Also, a stunning new poll shows former Vice President Biden over President Trump in -- wait for it -- Texas -- that`s right, Texas -- as Democrats begin to talk about what they are calling a blue tsunami, a blunami.
Plus: Rudy Giuliani just wipes out Trump`s excuse for not releasing his taxes. We`re going to explain that on the other side of the break.
And guess who`s here? The one and only Bill Nye, the Science Guy. He`s got you covered on how to stay safe with a mask.
I`m Stephanie Ruhle, and you are watching THE BEAT on MSNBC.
(BEGIN VIDEO CLIP)
REP. ADAM SCHIFF (D-CA): I think anyone who cares about the rule of law in this country is nauseated by the fact that the president has commuted the sentence of someone who willfully lied to Congress, covered up for the president.
Other Americans, different standard. Friends of the president`s, accomplices of the president, they get off scot-free.
(END VIDEO CLIP)
RUHLE: Accomplices of the president. Did you hear what he said?
That was Intel Chairman Adam Schiff reacting to the news that President Trump commuted the sentence of his longtime adviser and friend Roger Stone, who was convicted of lying to Congress and witness tampering, all related to the 2016 presidential election.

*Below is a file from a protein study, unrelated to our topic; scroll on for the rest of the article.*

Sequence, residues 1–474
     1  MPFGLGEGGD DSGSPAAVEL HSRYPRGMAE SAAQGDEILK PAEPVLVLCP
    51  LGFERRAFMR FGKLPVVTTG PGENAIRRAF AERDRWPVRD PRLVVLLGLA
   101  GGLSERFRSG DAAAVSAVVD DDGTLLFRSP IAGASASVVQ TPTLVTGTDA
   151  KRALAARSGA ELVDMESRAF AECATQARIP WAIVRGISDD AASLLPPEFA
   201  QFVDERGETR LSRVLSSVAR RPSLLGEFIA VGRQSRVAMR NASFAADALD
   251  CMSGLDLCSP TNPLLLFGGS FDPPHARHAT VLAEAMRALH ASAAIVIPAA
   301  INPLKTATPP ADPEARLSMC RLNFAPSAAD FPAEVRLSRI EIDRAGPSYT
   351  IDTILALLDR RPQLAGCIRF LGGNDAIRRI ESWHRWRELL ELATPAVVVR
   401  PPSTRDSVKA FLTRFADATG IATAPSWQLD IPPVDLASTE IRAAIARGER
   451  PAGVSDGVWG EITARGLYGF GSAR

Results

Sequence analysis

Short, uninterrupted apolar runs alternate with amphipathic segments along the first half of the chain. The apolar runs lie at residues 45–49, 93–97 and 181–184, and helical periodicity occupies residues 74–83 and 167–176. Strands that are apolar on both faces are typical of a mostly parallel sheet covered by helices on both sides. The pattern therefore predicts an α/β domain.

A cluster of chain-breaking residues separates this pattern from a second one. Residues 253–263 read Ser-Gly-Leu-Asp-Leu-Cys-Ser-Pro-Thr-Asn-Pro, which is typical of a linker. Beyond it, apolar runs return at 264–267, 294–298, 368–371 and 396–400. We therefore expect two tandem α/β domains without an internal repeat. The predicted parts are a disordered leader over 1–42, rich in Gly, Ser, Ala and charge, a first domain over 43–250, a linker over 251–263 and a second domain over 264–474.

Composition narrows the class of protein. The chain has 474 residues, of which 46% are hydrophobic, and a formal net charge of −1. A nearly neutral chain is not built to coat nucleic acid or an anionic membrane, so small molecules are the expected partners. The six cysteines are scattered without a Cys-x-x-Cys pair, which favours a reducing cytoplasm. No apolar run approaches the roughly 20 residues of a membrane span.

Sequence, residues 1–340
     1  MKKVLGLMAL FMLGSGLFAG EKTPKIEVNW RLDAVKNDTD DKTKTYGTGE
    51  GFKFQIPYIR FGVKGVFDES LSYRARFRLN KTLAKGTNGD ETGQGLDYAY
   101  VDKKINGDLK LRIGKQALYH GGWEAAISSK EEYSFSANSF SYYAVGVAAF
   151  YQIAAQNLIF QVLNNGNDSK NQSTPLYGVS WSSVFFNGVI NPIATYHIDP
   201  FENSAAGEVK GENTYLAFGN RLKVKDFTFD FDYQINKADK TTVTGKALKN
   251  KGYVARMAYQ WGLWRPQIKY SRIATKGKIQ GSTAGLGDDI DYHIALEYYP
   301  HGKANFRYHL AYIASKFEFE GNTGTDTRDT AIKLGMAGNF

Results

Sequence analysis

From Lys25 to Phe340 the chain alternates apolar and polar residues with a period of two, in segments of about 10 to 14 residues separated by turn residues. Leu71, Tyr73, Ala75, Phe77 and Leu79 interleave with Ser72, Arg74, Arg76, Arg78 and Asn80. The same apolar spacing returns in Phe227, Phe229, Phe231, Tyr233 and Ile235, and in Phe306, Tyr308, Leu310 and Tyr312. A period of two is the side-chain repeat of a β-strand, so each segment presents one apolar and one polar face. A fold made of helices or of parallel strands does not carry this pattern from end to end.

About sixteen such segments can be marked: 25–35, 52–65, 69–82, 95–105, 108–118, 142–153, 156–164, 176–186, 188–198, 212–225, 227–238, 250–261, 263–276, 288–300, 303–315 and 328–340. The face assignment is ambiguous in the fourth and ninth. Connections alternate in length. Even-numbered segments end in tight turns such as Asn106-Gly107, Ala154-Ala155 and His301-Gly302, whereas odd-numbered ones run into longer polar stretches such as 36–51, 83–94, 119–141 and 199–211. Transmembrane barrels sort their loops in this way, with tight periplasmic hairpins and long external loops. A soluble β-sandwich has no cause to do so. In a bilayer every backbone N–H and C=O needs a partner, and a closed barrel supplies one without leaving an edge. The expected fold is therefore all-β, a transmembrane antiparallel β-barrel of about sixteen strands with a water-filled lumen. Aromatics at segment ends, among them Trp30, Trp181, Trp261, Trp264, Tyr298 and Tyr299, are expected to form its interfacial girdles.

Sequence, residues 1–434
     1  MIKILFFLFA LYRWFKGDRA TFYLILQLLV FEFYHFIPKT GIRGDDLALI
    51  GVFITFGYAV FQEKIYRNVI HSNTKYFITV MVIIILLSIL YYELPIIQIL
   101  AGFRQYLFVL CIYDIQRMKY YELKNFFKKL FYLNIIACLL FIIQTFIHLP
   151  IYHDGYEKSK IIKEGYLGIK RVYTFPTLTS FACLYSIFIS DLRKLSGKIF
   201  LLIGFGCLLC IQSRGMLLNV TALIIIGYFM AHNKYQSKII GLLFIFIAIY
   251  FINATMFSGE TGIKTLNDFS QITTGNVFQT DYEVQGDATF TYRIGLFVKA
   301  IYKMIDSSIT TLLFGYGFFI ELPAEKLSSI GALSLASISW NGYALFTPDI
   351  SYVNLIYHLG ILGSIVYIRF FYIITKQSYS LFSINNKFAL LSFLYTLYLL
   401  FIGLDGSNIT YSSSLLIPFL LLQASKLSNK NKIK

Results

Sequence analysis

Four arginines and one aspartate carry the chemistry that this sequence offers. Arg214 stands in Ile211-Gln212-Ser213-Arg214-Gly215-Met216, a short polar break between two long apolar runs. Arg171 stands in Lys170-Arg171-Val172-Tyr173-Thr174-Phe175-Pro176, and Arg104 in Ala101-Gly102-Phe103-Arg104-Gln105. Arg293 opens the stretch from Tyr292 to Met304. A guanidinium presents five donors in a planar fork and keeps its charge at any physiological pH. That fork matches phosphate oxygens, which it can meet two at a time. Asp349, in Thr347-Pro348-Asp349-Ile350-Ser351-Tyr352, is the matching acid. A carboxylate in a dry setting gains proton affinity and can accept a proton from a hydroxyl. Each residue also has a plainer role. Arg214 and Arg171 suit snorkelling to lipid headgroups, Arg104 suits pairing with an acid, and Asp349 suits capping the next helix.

Stone was supposed to report to prison for more than three years starting tomorrow.
(BEGIN VIDEO CLIP)
ROGER STONE, FORMER TRUMP CAMPAIGN ADVISER: The president has saved my life. And he`s given me the opportunity to fight for vindication, to fight for my exoneration.
(END VIDEO CLIP)
RUHLE: And in a very, very rare rebuke, special counsel Robert Mueller responding to President Trump`s move in an op-ed, writing this: "I feel compelled to respond to specific claims that Roger Stone was a victim of our office. Someone was prosecuted and convicted because he committed federal crimes. He remains a convicted felon, and rightly so."
There were many aides urging President Trump not to save Stone, including his own attorney general, Bill Barr. Barr reportedly discussed Stone`s sentence with Trump and recommended clemency not be offered, other advisers telling him it was -- quote -- "a very big mistake."
Remember, Attorney General Barr has said this at his confirmation hearing last January:
(BEGIN VIDEO CLIP)
SEN. PATRICK LEAHY (D-VT): Do believe a president could lawfully issue a pardon in exchange for the recipient`s promise to not incriminate him?